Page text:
Print Friendly, PDF & Email

1) “Cut that out!”

Having trouble tying a trefoil knot? Let the Moebius strip do it for you!

Take a long, thin strip of paper. Make three half twists in one end. Tape the ends together. You now have a special form of the Moebius strip (draw a line down the middle if you want to verify this – it only has one side!)

Next, cut the strip down the middle lengthwise (don’t cut across the narrow dimension).

You will be left with a trefoil knot twice the length of the original Moebius strip! Cool! Try this with five half twists, then seven. See what fun you can create!

(Side note – A molecular process similar to this activity has actually been used by chemists in attempts to create trefoil and other knotted molecules for specific material purposes. Check out the DNA & KT Today page for similar information on knots and our genetic structure.)


2) The Dancing Knot

Can you handle the challenge? Can you make the knot?

Take a piece of string and tie or tape a small weight (an eraser, a coin, etc.) to the end.

Hold the opposite end of the string between your thumb and index finger. Let the weighted end hang down.

Now, try to make a knot just by jerking the string up and down. Don’t let go of the end of the string, and you can only use one hand.

This one might take a little bit of practice, a little bit of thought, and a whole lot of patience! Good luck!


3) Tangled Hands

Here’s another challenge for you to try:

Take an unknotted piece of string by the ends – hold each end between the thumb and index finger of each hand.

Now, without letting go of either end, can you make a knot in the middle of the string?

This exercise is possible – it just takes some clever hand/arm positioning. Hint: Try going at it backwards, starting with a knot in the middle and untying it without letting go of the ends.

Good luck, and enjoy!


4) Human Knots

This can be a fun activity to try with a group of friends – you may have even done it before at camp.

With a large group of people (5 to 10), stand shoulder-to-shoulder in a circle facing inward. On the count of three, everyone puts their hands in the circle and grabs someone else’s hands at random.

Once all the hands are taken, the group has formed a human knot or link.

The challenge is this: Can you untangle this formation into either a circle or into rings without anyone letting go.

Besides being a good “get-acquainted” game, this activity can really build your Knot Theory skills. You may run into questions like these:

1) Have we formed a nontrivial knot or link (one we can never untangle)?
2) What is the likelihood that we will form an unknot?
3) How often do we form links rather than knots?
4) How complex a knot could a certain number of people form?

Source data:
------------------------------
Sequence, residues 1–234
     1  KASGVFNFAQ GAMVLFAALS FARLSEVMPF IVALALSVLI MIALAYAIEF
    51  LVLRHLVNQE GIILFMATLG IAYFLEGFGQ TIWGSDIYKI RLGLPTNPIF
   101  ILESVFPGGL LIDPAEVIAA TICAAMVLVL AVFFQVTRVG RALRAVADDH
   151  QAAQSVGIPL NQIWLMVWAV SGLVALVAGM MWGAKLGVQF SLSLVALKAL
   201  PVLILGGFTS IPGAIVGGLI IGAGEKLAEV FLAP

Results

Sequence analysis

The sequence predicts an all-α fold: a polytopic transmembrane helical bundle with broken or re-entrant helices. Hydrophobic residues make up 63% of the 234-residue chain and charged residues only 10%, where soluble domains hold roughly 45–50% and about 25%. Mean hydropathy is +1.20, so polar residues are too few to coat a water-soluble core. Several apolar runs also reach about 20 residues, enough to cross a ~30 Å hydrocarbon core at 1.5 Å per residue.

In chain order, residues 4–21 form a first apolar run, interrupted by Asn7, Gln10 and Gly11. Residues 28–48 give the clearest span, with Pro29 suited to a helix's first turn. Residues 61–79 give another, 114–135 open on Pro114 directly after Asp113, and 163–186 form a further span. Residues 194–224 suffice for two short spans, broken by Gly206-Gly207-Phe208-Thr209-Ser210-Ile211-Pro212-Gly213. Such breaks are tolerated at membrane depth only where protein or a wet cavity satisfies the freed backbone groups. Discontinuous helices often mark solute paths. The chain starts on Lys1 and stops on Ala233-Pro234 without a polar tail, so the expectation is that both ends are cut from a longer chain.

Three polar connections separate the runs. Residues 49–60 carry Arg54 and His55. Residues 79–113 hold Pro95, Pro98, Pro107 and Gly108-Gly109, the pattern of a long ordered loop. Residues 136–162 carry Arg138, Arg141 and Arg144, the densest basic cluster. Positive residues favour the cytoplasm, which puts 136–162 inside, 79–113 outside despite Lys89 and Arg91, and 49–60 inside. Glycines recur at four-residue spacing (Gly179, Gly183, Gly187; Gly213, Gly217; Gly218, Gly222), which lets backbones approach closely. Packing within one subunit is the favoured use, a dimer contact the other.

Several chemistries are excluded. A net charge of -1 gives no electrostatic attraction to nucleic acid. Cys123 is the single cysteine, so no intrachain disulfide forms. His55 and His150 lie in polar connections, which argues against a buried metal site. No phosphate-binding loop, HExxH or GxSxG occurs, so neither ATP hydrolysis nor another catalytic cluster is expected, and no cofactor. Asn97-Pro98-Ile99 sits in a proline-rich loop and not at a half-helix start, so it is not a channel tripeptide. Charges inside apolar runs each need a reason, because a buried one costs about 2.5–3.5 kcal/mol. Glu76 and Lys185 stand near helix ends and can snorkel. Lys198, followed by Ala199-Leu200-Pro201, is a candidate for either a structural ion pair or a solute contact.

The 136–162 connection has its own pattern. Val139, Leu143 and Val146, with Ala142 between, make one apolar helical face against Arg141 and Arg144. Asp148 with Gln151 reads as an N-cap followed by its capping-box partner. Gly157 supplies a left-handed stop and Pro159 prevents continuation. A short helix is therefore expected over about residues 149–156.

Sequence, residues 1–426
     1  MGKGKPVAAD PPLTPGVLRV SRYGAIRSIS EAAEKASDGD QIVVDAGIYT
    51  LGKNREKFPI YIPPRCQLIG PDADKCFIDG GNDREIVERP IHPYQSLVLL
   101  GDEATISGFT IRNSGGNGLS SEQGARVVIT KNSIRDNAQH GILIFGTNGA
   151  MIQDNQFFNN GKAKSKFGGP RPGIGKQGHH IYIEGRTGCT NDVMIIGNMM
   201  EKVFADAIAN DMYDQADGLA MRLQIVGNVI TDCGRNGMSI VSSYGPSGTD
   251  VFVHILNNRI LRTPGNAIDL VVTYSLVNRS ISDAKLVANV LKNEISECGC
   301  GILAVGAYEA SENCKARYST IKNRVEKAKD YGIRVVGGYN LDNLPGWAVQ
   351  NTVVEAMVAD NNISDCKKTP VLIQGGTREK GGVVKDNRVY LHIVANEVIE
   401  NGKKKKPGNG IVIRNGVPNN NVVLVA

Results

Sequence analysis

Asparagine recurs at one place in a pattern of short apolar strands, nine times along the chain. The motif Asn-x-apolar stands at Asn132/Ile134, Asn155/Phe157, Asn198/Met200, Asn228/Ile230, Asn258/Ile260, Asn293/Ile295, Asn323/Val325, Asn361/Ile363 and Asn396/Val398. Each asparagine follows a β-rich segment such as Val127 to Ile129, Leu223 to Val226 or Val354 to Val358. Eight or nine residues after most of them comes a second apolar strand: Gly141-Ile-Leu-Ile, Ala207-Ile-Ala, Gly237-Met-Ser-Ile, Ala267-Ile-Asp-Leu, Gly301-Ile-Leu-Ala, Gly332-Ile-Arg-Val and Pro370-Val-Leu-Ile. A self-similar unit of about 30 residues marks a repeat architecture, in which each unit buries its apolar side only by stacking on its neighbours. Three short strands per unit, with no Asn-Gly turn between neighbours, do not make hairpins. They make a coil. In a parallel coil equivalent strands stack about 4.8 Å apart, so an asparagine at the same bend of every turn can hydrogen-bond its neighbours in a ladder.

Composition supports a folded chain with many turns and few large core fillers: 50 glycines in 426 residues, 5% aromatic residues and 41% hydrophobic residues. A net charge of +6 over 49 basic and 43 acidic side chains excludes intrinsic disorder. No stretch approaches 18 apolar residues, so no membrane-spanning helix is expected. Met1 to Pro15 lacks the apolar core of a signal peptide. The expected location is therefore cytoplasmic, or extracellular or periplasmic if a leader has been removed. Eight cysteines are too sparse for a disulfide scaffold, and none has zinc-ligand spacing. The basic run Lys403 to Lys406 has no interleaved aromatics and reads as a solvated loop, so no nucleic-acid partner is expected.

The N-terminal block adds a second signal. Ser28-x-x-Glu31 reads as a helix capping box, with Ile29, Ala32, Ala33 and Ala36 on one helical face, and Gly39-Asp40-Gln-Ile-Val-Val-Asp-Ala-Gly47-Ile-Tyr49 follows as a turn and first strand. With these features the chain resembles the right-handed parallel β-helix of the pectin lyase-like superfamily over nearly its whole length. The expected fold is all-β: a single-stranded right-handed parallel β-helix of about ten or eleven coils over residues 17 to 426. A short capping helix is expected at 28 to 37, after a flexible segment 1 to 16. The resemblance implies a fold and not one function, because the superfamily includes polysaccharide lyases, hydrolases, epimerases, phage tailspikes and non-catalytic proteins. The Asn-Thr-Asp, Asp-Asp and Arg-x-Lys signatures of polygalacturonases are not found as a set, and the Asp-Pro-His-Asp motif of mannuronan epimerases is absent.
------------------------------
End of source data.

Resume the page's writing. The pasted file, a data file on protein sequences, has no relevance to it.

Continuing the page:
5) Knot-Knot Jokes [^back to top]

Three strings walk into a bar. The first string goes up to the bartender and asks for three whiskeys. The bartender looks down at the string and says, “Sorry, buddy – we’re not allowed to serve drinks to strings in here.”

The second string steps up to see what’s the matter. “We’re paying customers, and we demand three whiskeys!” he grumbles.

The bartender says, “Listen, fella – I’m just following the rules. No strings allowed in here.”

The two strings sulk back to the table and tell the third string, who really gets angry. “I know how to handle this!” he growls as he begins to double over and tie himself into a messy tangle. Swaggering up to the bar with strands flailing in every direction, he shouts, “Bartender! I want three whiskeys, and I want them NOW!”

The bartender casts a suspicious look and asks, “Hey… Aren’t you one of those strings that came in here earlier?”

The tangled-up little guy shrugs and states confidently, “Nope, I’m a frayed knot!”


6) “Links” to Other Great Knot Sites

There are many great Knot Theory sites on the Internet. This short list contains some of the most interesting, informative, graphically amazing, and just plain fun sites around. If you have a knot site you’d like to add, please feel free to email¬†¬†with your site name, and please feel free to link to our site and activities.

Knot Plot Site*** – Dr. Rob Scharein’s main web site for visually exploring knots. Here you’ll find everything from stereoscopic 3D knots to virtual reality knots, in superb color and style. Plus, you can learn a lot while you’re being awed by the graphics! You can jump directly to the Knot Theory page for tons of information on the subject.

Mathmania Knot Theory – Puzzles, tutorials, activities, applications, exercises, research, and a knot glossary combine to make this an entertaining and informative place to learn more about Knot Theory.

New Ideas about Knots – Personal tips and discoveries by an enthusiastic knot theorist take you from making knots with orange extension cord (plugged into itself) to coloring and counting with knots.

More Knot Theory on the Web – A site with hyperlinks to several knot sites online, part of Mouse’s Knot Theory site.

Knots on the Web***- The most complete and exhaustive collection of links to every site you can imagine on knot tying, knot theory, knot art, knot software, knot books, and even a knot gallery for reference and enjoyment.

7) A Few of Mr. Payne’s Knot Photographs

These are a few of my favorite knotty pictures from this project. Be sure to check out the animated knots on the the Wanted and Hunt pages. Special thanks to Bill Ingram for his assistance in making some of the knots in this collection:

The 41 (Figure-8) knot


The 51 knot


The 61 knot


The 62 knot


The 71 knot

If you’re looking for more fun, like an animated, interactive JavaScript game of untangling knots to solve a mystery, try “Wanted” on the KT Activities Page.